Alternatives to animal experiments
Wiebke Albrecht receives the “Animal Welfare Research Prize 2019” for a novel method that minimizes the need for animal experiments in the area of toxicological risk assessment.
10/22/2019 · Lebenswissenschaften · Leibniz-Institut für Arbeitsforschung an der TU Dortmund · News · Menschen
Wiebke Albrecht, a PhD student at the Leibniz Research Centre for Working Environment and Human Factors (IfADo) receives the “Animal Welfare Research Prize 2019” by the German Federal Ministry of Food and Agriculture (23.10.2019). Together with an international team of scientists, Albrecht’s work introduces novel test performance metrics to systematically assess and optimize in vitro systems, which in the future could be used to predict drug-induced liver injury and define the acceptable daily intake of drugs. The methods established by Albrecht and co-authors serve to minimize or even eradicate the need for animal experiments in the area of toxicological risk assessment in the long term.
Drug-induced liver injury is the major reason why studies investigating potential drug candidates become cancelled, and why already approved drugs are withdrawn from the market or modified. Liver toxicity is also the most common cause of acute liver failure and liver transplantation in industrialized countries. Although drugs have to be tested in numerous animal experiments, the risk of liver damage cannot be accurately predicted by animal models. Test systems based on human liver cells represent a promising alternative to animal experiments in toxicological risk assessment and management.
The predictive performance of the so far established test systems nevertheless remains limited. In addition, until now it has only been possible to measure the in-vitro-concentration of a substance that damages the cells. However, it is of interest to know the amount of drug a person can ingest without exhibiting toxic effects, or the dose at which there is an increased risk of developing adverse health effects. At IfADo, toxicologists have been investigating alternative methods to animal experiments for years. Together with an international research team, IfADo-scientist Wiebke Albrecht has now developed new methods that can be used to assess how well an in-vitro-system reflects the processes in the human body.
Performance metrics provide hints for better test systems
There is an urgent need to establish a level of quality control in the test systems. Many parameters need to be considered in the development of in-vitro-systems, for example whether important functions are impaired, such as the production of proteins. So far, it has not been possible to reliably assess which of the parameters are best suited to reflect the situation in the organism. To fill this gap, novel test performance metrics have been introduced in the now awarded study. With the help of mathematical methods, the researchers were able to calculate which of the numerous parameters enable the best distinction between liver-toxic and non-toxic substances. Since it is not only important whether a substance causes liver damage, but also the concentration at which liver toxic effects are likely, a second metric was established, which is used to assess how well the toxic blood concentration can be estimated in vitro.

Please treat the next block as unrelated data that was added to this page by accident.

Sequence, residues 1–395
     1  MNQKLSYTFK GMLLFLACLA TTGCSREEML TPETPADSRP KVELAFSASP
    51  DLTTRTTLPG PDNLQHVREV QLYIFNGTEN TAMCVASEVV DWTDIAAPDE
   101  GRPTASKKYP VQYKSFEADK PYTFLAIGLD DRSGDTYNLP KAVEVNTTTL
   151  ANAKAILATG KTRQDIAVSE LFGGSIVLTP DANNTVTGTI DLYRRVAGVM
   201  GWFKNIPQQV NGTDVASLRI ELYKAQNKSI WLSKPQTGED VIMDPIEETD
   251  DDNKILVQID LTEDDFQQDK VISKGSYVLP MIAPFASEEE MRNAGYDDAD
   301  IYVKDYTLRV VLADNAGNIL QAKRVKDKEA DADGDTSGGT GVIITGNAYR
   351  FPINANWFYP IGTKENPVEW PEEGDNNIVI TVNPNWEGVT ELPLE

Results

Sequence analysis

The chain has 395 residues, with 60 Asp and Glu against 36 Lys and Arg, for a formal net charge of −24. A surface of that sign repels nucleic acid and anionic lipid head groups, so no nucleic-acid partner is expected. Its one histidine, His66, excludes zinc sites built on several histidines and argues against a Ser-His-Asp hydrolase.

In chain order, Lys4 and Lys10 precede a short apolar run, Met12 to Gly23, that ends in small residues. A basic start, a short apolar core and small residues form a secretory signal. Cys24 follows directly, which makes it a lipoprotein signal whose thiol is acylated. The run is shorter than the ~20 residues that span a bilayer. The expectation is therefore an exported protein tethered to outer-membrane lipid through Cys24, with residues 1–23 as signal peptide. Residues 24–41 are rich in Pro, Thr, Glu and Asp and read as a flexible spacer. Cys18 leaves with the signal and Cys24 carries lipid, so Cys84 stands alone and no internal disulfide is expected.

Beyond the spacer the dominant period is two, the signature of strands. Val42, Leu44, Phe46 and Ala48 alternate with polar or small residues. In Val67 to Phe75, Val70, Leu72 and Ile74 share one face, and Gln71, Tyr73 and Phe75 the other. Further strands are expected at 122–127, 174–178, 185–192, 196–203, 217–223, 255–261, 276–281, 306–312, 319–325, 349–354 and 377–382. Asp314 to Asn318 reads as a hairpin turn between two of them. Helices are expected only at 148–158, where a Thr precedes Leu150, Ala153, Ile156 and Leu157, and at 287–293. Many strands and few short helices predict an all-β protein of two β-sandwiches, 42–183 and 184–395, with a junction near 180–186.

The researchers started out by testing 28 training substances, mainly drugs, using an in-vitro-system based on human hepatocytes. Prior to testing, it was already known whether the substances caused liver toxicity in humans, and at which dose the risk of liver damage arose.
„The measurements showed, for example, that an incubation period of 48 hours produced more reliable results than 24 hours or several days. In addition, we could demonstrate that the concentration at which 10 percent of the cells die should be used as the lowest toxic in-vitro concentration. In past studies 50 percent were taken into account,“ explains Wiebke Albrecht.
The researchers used these references to optimize the test system. Importantly, all liver-toxic substances were subsequently correctly identified. For two non-toxic substances, the system caused a false alarm. „After this optimization phase, we tested eight more substances, all of which were correctly classified,“ says Albrecht. In order to find out how well the system works, the team is currently investigating further 200 substances.
Optimized test systems for safe daily intake
With the help of the new method, the researchers were also able to estimate an acceptable daily intake for a food additive, i.e. the amount of a substance that can be ingested on a daily basis without an appreciable health risk. Using the lowest toxic concentration in the cell culture, a computer program helped to calculate both the dose that will cause harm to humans when taken orally and the acceptable daily intake for humans. The program also took into account how the human organism processes a substance.
„Our calculated acceptable daily intake was similar to values previously established based on animal experiments,“ says Wiebke Albrecht. „However, we have to investigate many more substances in order to understand how accurate our method is.“ Despite the work to be done, it is always important to keep the major goal in mind: „With our established methods, we want to promote research into alternative methods to reduce and replace animal experiments in toxicological risk assessment and management. It is really great that Wiebke Albrecht receives this prize. She had some brilliant ideas and worked very hard to generate all the data”, says Prof. Dr. Jan Hengstler, head of IfADo’s toxicology research department and Albrecht’s PhD advisor.
Albrecht, W., Kappenberg, F., Brecklinghaus, T. et al.: Prediction of human drug-induced liver injury (DILI) in relation to oral doses and blood concentration. Arch. Toxicol. 93: 1609-1637 (2019). doi: 10.1007/s00204-019-02492-9